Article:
“Treehouse Chronicles” is a story about individuals, the thrill of working together, and the wonder of the pure world, all wrapped around a dream shared by children of all ages–the creation of an unlimited treehouse stuffed with odd contraptions, secret locks, furniture constructed from bushes, and a drawbridge activated by gravity and falling boulders. It’s a hardcover, massive format ebook filled with photographs, sketches, and watercolors. Nevertheless it’s more than just massive and pretty: it has a beautiful message – it’s a coffee-desk ebook with heart.

It’s the story of what happens when big individuals resolve to be children again and they have tools and lumber. I name the guide my “grasp’s thesis on irony” as a result of it explores the ups and downs (pun meant) of dwelling a dream which on some days seemed like the best journey on the earth, and on other days seemed like the largest mistake I ever made. I kept a journal throughout the construction and the 1400 pages that I amassed type the heart of the book: from day 1, when inspiration struck, to day 1028, when I splashed the final little bit of shellac on the last stair tread. It’s the story of an peculiar man who goes on an amazing journey without ever leaving his back yard.

I grew up in a household where imagination, creativity, and trade had been extremely prized. My dad and mom did not encourage me to assume outdoors the field–they advised me they weren’t certain there was a box. (My father, who’s eighty, builds boats.) This idea of pushing, studying, and experimenting, has caught with me my complete life. However, we weren’t just idle dreamers–there was a sensible side. When I was little, my mom mentioned to me, “Dreams want ft, Peter. They’re no good stuck between your ears.” She meant that the “doing” a part of dreaming was even more essential than the “pondering” part–she (and my dad, too) wished results. (It was okay if the dream was silly–as long as you got it done.)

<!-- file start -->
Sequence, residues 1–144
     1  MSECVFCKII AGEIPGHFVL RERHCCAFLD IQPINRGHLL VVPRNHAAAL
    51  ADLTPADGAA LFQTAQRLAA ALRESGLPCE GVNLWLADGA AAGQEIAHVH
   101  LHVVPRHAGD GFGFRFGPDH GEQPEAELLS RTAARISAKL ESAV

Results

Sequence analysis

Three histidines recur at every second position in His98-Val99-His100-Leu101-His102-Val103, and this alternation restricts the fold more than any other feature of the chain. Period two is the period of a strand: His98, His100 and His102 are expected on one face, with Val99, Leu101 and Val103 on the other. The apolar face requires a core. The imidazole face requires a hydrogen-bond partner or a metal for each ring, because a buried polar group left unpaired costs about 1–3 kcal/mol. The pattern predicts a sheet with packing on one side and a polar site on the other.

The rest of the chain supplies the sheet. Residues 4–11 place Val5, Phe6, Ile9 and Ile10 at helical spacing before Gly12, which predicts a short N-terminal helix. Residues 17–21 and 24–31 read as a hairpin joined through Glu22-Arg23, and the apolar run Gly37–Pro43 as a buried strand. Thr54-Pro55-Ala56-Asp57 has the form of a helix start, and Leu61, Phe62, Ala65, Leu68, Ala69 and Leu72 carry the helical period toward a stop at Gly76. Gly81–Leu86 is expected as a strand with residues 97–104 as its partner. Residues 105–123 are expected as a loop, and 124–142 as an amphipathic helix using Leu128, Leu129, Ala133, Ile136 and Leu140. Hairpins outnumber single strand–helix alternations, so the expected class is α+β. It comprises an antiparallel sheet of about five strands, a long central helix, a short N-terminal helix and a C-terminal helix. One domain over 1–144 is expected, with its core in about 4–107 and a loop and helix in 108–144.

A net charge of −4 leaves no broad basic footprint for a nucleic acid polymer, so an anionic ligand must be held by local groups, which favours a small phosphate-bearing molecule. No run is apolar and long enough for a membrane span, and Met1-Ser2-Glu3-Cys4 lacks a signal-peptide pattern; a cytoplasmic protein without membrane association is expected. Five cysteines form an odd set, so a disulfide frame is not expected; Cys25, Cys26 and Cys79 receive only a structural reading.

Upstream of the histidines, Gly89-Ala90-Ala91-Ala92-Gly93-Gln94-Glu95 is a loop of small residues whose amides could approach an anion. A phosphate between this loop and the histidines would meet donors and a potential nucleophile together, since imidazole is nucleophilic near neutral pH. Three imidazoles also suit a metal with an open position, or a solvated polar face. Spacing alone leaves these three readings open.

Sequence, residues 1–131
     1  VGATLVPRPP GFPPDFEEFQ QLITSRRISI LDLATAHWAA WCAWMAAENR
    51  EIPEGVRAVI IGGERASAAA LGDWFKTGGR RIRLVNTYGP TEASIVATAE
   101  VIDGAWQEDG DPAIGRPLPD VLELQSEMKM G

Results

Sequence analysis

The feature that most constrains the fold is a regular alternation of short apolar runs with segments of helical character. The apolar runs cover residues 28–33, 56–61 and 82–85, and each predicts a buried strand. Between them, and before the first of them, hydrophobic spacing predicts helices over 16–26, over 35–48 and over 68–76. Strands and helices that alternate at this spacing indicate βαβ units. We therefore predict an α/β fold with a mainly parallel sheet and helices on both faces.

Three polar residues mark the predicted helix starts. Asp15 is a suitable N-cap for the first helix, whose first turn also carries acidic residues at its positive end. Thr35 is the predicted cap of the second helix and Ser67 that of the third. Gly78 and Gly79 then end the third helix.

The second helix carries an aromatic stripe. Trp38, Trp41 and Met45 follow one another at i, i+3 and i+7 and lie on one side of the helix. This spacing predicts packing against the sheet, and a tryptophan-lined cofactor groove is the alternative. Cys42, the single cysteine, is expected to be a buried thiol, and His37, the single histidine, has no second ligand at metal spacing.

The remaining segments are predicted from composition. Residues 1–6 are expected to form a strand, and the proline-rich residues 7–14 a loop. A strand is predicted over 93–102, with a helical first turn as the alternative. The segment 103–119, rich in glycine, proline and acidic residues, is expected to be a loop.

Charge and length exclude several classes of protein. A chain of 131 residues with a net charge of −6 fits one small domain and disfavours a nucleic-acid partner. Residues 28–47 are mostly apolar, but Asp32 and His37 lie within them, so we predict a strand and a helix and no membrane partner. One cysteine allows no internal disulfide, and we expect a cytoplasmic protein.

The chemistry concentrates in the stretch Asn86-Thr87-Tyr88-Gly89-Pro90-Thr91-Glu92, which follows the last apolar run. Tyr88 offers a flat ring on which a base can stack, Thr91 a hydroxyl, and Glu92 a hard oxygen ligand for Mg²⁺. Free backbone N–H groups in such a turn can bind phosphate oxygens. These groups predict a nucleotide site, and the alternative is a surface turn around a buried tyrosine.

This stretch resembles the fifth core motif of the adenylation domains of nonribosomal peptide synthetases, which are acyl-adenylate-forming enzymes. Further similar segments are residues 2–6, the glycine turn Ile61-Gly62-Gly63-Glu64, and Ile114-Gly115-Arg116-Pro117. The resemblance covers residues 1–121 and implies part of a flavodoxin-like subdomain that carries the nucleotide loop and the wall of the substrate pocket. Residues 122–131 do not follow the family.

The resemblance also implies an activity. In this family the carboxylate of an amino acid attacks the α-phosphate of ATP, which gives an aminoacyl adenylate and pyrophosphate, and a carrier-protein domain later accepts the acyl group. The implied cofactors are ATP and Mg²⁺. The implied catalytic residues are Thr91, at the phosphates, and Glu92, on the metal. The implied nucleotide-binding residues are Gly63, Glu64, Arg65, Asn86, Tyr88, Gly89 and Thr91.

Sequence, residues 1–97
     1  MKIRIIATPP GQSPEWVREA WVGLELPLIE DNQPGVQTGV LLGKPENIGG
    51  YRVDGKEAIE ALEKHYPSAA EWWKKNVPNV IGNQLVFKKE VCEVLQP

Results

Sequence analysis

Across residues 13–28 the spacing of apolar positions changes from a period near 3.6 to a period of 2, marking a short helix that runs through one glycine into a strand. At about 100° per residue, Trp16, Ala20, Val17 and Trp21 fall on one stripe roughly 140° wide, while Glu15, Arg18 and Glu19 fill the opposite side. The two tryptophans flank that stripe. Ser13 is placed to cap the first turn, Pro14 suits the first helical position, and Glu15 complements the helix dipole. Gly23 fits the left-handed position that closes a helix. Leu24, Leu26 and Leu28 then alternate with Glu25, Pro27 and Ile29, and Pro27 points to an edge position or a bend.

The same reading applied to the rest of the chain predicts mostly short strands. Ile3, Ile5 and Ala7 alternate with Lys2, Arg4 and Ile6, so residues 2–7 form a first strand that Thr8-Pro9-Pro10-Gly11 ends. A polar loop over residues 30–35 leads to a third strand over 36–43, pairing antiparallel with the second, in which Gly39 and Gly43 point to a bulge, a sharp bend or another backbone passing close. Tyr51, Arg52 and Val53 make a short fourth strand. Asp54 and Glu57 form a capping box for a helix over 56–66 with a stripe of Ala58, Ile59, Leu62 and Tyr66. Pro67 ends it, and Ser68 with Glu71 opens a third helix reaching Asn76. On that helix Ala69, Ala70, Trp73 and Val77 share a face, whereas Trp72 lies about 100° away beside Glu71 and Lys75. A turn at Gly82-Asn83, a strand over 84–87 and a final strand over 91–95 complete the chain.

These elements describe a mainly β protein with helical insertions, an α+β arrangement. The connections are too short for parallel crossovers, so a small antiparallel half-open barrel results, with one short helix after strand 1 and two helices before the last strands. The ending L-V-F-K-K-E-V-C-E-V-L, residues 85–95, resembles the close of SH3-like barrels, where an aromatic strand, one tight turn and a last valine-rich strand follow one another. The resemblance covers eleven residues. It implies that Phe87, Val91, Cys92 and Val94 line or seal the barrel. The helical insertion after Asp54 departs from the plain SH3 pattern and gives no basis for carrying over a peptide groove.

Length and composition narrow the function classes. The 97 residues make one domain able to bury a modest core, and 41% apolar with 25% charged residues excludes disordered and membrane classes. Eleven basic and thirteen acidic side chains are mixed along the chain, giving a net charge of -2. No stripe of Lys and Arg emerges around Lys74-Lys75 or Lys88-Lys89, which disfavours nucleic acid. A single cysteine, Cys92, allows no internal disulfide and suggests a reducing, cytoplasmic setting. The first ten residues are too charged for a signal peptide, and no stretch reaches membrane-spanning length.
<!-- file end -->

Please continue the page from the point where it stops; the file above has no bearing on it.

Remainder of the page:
In most methods my dad and mom, and my early years, have been fairly conventional: two parents, two children, canine, house within the suburbs (luckily surrounded by forests and swamps). My dad was a mechanical engineer; my mom was largely residence, however worked a little. Typical for the 1960’s. My parents had been different–although I am not sure “forward of their time” describes them. I definitely appreciated the freedom they gave me to get a feel for the artistic life. We had guidelines, to make certain, but my dad and mom weren’t afraid of saying “yes,” each time I wanted to try something. They let me preserve snakes in my room (and in my pockets); I was allowed to climb on the roof (in addition to trees) starting once I was about six; tools and lumber had been all over the place for me to experiment with; enjoying in the swamp behind the house was thought-about normal. My dad and mom instructed me I could do anything. I believed them.

I have two children. And no, I don’t give them the identical encouragement my mother and father gave me–I give them more. My typical response to “Daddy, can I?” is, “YES!” I solely say no if one thing is truly harmful or unethical or would damage somebody else. The pat reply that most mother and father give their kids is “no.” They usually do this because “sure” would inconvenience them or make them look odd to their associates and neighbors (or each). I believe that is sad. Lest you assume our house is chaotic, let me reassure you that it is not. Both my kids are respectful, studious, effectively behaved, and motivated to achieve life.

They have been encouraged to learn the value of initiative and arduous work and so they know where life’s real boundaries lie.

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